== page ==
Fevers, seizures, and death in neonatal Holstein calves
Whitworth, Jocelyn Marie
Over several months, a dairy farm experienced high neonatal mortality in Holstein calves. Calves under 2 weeks of age developed signs including inappetance, diarrhea, neurologic disturbance, temperatures between 105 degrees F. and 100 degrees F, seizures, and death. In early affected calves, E. coli susceptible to enrofloxacin was cultured from liver and lungs; subsequently all calves born were treated with enrofloxacin and penicillin. This intervention was unsuccessful. on-farm investigation found calf management adequate. Drinking water was available after three days of age. Colostrum and environmental samples were submitted for culture; no pathogens were grown. A 4-day old calf presented to Cornell obtunded with a temperature of 106 degrees F. Serum sodium at admission was 180 mEq/L. Toxicological analysis of brain tissue from two necropsied calves found elevated sodium. Analysis of milk replacer found sodium 130-144 mEq/L and osmolality 800-900 mOsm/kg H2O. Industry standards recommend extreme caution when feeding sodium in excess of 120 mEq/L or osmolality in excess of 600 mOsm/kg H2O. The milk replacer brand was changed, neonatal mortality decreased, and the situation is considered resolved.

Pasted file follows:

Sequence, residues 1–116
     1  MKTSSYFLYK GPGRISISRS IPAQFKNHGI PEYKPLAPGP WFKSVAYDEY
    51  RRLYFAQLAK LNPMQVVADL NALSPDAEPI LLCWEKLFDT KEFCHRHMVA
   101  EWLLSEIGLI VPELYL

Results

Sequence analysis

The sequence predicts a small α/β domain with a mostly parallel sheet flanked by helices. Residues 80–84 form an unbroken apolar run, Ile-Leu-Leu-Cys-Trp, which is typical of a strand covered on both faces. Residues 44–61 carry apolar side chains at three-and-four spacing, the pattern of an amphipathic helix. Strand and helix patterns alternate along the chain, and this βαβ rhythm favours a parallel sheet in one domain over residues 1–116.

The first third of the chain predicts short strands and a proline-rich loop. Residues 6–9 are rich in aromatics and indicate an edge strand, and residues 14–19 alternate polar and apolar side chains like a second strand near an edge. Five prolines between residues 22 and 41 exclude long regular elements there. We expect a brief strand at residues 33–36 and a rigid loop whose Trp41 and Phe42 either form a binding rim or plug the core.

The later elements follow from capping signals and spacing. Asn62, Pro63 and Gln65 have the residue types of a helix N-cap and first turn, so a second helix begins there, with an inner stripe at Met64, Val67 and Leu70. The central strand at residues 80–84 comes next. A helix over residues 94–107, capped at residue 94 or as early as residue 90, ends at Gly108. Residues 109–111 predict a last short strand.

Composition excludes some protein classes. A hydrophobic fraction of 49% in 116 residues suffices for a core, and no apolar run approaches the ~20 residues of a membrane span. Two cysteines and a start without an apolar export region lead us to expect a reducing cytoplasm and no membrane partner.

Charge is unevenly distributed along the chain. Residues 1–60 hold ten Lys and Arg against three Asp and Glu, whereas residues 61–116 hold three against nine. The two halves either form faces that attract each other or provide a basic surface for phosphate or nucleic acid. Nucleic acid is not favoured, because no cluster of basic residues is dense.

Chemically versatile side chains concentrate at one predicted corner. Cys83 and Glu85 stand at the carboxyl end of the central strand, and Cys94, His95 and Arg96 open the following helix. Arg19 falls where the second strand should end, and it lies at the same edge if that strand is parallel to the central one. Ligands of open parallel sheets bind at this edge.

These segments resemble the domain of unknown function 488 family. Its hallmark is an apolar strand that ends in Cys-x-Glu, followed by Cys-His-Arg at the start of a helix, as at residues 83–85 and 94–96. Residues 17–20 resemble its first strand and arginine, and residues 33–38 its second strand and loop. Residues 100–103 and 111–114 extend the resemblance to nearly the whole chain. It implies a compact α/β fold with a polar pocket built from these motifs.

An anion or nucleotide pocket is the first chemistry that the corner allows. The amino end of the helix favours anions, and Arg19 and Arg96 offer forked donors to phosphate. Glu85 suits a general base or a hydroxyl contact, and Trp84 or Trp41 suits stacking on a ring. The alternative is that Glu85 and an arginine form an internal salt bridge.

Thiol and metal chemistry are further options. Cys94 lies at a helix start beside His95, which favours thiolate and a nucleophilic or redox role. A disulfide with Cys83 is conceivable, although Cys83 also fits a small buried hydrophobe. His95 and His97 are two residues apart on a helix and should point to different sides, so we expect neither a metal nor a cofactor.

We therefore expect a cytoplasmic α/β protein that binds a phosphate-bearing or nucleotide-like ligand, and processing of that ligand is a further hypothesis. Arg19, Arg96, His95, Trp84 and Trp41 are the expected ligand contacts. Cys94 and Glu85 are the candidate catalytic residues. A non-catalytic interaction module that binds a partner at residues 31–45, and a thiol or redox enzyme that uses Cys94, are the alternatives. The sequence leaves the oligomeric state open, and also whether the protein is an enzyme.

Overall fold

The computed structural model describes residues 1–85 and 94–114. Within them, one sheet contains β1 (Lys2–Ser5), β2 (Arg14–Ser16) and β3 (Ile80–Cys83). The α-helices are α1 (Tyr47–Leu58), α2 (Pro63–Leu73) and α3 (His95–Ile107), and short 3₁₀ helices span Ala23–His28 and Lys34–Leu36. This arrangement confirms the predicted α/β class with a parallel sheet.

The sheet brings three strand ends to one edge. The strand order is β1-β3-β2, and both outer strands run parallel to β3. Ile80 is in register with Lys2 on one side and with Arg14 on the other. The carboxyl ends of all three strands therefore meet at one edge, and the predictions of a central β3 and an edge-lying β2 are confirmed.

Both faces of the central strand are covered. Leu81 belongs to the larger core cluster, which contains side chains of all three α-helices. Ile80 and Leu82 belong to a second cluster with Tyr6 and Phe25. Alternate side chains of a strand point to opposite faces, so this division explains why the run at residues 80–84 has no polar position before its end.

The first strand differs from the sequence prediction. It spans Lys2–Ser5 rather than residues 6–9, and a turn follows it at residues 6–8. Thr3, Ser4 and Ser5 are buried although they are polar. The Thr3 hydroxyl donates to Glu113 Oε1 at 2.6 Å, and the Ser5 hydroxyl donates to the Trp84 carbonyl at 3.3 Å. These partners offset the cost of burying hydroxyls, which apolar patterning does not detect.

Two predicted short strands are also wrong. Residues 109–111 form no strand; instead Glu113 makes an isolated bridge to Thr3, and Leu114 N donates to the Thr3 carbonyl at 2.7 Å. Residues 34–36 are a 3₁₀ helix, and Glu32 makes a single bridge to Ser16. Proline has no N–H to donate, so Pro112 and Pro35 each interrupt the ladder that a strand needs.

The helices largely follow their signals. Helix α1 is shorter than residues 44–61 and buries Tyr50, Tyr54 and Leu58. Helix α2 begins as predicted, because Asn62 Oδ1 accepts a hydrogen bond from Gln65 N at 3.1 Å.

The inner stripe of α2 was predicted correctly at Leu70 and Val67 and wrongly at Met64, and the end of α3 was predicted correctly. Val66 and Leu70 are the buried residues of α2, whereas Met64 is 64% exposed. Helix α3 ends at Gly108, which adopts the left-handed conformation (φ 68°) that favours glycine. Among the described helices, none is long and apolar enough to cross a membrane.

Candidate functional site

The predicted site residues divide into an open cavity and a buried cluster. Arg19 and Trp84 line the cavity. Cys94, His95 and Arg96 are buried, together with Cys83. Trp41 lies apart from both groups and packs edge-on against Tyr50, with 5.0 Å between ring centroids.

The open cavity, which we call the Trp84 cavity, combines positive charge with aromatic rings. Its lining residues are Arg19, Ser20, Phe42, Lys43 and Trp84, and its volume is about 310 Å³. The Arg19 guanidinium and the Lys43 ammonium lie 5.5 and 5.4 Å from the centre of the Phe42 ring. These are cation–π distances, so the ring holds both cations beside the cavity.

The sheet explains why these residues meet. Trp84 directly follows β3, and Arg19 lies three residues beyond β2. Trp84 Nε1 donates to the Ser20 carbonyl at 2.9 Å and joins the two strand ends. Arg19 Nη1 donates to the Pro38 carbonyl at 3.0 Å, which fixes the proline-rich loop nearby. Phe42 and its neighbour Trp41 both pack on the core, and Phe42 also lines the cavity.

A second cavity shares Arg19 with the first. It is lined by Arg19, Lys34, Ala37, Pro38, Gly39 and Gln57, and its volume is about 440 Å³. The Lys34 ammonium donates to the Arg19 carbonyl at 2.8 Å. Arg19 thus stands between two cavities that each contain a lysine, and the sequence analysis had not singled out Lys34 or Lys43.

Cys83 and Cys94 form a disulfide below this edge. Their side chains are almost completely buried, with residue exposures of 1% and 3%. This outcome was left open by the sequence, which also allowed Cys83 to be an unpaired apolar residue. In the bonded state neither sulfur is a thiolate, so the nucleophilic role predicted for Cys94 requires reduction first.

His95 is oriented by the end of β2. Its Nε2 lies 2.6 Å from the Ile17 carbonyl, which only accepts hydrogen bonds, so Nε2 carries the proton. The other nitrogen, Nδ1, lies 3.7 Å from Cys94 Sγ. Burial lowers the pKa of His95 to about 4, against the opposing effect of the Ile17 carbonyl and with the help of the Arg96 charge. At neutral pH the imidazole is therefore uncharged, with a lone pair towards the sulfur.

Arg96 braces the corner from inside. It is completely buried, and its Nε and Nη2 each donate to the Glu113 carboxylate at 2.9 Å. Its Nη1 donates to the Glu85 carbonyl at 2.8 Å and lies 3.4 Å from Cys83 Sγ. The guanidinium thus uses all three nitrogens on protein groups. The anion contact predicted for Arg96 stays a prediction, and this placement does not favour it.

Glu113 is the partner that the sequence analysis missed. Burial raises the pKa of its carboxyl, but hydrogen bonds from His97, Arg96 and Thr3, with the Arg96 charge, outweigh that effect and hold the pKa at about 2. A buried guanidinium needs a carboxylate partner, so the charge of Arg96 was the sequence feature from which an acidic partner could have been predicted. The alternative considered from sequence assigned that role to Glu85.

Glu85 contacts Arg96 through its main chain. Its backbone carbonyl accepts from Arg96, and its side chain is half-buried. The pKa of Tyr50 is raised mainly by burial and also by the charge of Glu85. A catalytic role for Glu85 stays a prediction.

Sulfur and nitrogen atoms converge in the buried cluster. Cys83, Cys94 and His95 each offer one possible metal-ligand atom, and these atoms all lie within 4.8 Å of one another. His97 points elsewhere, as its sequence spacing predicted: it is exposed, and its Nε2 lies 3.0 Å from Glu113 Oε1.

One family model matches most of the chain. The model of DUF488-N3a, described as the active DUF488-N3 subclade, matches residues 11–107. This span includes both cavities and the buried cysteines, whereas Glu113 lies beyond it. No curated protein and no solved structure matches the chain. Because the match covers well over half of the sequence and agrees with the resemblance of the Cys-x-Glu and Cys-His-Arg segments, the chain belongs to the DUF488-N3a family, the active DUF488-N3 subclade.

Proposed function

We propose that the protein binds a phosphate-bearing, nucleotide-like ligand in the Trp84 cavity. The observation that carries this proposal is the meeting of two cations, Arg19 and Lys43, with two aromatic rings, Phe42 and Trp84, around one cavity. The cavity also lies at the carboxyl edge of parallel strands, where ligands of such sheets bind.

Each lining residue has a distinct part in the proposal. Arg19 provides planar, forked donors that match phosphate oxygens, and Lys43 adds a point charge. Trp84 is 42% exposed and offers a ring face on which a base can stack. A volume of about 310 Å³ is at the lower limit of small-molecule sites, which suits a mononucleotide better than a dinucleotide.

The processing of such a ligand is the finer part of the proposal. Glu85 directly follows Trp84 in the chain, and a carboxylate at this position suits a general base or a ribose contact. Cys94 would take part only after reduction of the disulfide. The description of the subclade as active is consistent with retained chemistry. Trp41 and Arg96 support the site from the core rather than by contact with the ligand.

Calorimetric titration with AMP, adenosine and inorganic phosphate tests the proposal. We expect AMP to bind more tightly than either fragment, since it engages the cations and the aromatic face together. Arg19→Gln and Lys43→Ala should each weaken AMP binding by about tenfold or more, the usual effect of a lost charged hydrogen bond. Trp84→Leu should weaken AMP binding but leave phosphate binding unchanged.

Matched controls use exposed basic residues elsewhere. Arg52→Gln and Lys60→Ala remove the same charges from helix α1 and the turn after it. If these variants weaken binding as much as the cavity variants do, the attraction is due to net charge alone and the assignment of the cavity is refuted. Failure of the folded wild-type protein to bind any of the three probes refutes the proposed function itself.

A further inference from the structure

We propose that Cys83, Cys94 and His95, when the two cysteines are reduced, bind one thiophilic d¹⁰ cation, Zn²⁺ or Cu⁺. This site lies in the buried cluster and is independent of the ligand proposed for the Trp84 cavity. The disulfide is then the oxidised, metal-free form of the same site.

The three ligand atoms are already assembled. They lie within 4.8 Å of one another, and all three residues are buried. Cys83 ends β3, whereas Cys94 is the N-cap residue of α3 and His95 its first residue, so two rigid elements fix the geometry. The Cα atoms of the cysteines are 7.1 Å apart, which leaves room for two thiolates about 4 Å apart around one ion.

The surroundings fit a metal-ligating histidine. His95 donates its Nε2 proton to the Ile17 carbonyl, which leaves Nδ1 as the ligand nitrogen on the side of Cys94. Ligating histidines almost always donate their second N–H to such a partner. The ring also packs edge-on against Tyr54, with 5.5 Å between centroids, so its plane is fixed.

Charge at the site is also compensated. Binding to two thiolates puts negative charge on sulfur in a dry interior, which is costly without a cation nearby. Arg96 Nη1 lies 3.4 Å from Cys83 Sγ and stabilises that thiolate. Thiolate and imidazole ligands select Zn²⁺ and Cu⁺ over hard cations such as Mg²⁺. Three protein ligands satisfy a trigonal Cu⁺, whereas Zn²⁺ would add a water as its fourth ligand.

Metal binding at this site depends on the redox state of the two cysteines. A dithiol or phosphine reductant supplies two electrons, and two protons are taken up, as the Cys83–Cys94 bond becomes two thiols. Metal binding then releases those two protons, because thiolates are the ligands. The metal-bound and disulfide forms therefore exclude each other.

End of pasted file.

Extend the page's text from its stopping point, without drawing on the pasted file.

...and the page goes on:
Senior seminar paperSeminar SF601.1 2013
Cattle -- Diseases -- Case studies; Cattle -- Effect of salt on -- Case studies